But speaking of getting no love ... outdoor furnishings. Some landscape architects and garden designers do not realize how important the right outdoors piece is. I’ll go back to my is-it-even-a-thing? comment. Some people aren’t aware of the variety and styles available in outdoor furnishings; or they don’t focus on it carefully, as part of the spaces they’re designing. Of course, there are those designers who are hyper attentive to the impact furnishings have on gardens and landscapes so much so that they often require that specifying them be part of their contract. So, yeah, sometimes it feels like indoors gets all the love. As Ginger Rogers said, she did exactly the same thing as Fred Astaire but in high heels and backwards.
Windsor Chair Painted Medium Iron with Rush seat cover by Munder Skiles
JM: What makes outdoors furnishings fulfill dreams?
JD: Outdoor furnishings need to complement the character and visual experience of the garden or landscape. And be comfortable. And stay together and look good when being dragged around then left outside for decades.
JM: What’s Munder Stiles aesthetic?
JD: Our furniture is highly influenced by our goal to minimize cushions, due mainly to the hassle of storing and cleaning them, and to the cost. We rely on things like shape, finish, silhouette, material quality and craftsmanship for beauty and comfort. The appeal of a home’s interior is often heightened by a person’s collecting and traveling. Similarly, my preference is to produce interesting pieces that stand beautifully on their own but also combine well to create visual interest and character. I like mixing materials and styles when designing exterior spaces, and that is why we produce in metal, wood and outdoor wicker.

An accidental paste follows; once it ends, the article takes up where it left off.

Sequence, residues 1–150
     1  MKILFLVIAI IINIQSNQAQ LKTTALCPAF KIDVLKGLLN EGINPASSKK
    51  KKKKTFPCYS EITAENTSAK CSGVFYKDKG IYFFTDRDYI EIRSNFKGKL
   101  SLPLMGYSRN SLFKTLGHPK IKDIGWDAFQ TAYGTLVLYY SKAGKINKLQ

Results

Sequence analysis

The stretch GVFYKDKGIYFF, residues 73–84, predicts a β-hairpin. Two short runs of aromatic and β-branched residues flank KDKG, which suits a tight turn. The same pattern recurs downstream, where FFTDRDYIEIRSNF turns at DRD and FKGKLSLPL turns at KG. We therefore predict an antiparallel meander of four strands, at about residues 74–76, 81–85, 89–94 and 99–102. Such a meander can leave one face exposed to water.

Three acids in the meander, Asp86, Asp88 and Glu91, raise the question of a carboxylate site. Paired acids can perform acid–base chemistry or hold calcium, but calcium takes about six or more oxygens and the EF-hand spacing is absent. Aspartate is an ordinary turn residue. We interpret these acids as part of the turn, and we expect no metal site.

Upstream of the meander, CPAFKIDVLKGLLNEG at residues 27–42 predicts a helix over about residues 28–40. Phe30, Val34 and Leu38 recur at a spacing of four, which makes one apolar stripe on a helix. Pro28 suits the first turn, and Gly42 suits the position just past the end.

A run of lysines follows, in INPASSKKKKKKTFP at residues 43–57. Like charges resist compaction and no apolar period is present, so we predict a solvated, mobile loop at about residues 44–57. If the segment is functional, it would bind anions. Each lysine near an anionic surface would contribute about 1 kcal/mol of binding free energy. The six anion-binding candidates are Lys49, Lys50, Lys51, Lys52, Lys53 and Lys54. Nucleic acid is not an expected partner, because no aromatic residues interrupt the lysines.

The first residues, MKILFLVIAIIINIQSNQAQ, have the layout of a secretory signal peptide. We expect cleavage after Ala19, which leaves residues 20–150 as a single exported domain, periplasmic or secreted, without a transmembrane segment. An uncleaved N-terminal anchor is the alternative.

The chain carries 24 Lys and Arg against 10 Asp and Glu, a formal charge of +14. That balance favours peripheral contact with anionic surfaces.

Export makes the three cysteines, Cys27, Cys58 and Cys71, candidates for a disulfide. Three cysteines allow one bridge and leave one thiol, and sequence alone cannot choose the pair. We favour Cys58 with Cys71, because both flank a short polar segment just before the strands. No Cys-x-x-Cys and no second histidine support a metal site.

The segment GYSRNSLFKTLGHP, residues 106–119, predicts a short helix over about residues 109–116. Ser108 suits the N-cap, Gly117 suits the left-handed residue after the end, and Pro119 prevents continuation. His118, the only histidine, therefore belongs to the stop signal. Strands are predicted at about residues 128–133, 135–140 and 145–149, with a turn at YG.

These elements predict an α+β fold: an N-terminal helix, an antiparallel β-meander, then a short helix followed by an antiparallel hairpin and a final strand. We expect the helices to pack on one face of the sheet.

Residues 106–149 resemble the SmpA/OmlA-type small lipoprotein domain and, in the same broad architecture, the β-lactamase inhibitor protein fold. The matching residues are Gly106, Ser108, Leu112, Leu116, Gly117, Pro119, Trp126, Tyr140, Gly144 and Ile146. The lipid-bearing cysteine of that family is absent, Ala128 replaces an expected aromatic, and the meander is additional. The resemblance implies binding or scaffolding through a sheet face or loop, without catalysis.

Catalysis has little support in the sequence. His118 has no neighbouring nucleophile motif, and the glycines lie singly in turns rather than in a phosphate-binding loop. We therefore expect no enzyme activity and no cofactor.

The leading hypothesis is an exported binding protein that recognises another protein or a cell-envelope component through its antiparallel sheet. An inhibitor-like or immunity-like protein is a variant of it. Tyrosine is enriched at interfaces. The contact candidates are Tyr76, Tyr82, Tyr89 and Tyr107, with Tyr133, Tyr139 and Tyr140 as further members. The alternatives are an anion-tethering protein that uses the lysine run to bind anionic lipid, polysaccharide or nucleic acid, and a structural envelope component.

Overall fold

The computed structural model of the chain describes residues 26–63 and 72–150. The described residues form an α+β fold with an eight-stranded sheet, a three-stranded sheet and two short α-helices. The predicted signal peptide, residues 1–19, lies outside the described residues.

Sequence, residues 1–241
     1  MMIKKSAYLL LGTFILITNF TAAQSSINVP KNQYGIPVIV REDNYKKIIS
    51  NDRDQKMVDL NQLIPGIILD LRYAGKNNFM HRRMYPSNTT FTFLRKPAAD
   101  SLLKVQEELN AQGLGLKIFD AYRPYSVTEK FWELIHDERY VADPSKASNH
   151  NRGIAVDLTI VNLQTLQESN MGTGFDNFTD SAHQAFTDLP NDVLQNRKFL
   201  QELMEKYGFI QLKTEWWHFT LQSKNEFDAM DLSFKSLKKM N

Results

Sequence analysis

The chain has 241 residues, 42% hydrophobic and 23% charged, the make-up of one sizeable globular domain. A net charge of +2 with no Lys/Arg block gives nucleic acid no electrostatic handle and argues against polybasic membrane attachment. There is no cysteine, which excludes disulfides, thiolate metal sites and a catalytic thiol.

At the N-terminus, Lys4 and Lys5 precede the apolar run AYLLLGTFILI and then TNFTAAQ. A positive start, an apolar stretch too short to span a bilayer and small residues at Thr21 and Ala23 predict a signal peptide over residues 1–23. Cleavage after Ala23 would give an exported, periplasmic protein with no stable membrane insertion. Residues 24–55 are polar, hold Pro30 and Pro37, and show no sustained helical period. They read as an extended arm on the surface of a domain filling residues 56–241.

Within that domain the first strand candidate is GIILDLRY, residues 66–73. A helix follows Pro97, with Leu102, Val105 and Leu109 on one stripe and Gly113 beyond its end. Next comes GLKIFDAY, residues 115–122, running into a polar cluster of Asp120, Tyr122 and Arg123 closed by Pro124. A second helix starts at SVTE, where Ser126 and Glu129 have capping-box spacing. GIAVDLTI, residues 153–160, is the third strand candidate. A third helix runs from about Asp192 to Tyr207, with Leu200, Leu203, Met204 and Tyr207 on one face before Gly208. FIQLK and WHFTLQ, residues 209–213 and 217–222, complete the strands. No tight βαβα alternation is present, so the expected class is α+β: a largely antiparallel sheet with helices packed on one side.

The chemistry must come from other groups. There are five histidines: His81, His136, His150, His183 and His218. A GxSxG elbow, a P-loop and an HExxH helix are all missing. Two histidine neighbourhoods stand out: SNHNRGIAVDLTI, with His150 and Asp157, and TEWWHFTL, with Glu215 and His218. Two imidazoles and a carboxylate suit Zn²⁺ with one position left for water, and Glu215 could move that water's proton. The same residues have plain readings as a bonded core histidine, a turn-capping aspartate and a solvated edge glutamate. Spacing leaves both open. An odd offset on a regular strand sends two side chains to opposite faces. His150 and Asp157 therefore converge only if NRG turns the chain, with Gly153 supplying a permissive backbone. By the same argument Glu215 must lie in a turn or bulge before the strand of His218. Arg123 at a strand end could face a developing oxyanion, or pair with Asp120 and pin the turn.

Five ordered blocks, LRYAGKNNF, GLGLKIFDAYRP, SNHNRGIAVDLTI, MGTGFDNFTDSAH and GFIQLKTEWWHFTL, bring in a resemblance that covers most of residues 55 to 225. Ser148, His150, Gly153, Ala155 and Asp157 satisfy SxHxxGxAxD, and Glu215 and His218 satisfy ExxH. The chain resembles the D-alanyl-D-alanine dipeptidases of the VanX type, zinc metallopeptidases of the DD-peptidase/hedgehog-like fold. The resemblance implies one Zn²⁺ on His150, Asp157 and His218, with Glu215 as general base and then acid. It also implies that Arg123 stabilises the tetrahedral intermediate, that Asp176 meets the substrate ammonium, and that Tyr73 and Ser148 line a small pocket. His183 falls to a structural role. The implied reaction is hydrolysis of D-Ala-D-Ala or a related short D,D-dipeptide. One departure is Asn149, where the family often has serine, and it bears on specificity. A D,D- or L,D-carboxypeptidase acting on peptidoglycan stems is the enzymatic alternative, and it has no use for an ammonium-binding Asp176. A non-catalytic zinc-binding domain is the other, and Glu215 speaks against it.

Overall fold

New Bubble Chair by Munder Skiles
JM: What’s the one outdoors / garden tool you can’t live without?
JD: The rake. Love the rake. Love the deep scratch sound, love the finality (leaves, no leaves), love the no-think accomplishment. Could rake all day.
JM: What gardens have you visited recently that you love?
JD: I enjoy visiting Innisfree and Wethersfield gardens (both in New York) on the same day, often with clients. Between them, the two gardens have many of the elements that one might choose to incorporate in their own gardens.
Swan Lounge Chair and Ottoman by Munder Skiles
JM: What garden institution has influenced your designs?
JD: Dumbarton Oaks (in Washington D.C.). We’ve replicated Beatrix Farrand’s designs of outdoor furniture for Dumbarton Oaks for the past 20 years and they are among the pieces that have most instructed me.
JM: What’s one of your favorite inspirational books on gardening?
JD: “Eden Revisited” by Umberto Pasti and “Garden Design Master Class: 100 Lessons from the World’s Finest Designers on the Art of the Garden” edited by Carl Dellatore
JM: ... Non-profits?
JD: The Cultural Landscape Foundation and The Garden Conservancy
JM: ... stewards of the land?
JD: Love Edwina von Gal’s Perfect Earth Project
JM: Finally, how have you been coping with the pandemic?
JD: Lots of hiking near our office and showroom in Garrison, New York. A favorite is Sugarloaf Trail with spectacular views over the Hudson River, West Point and Storm King mountain. In the fall, I created a new design studio with all my archives at the showroom in Garrison.
John Danzer at the Munder Skiles showroom in Garrison, NY wearing Janet Mavec's Sunflower Lapel Pin.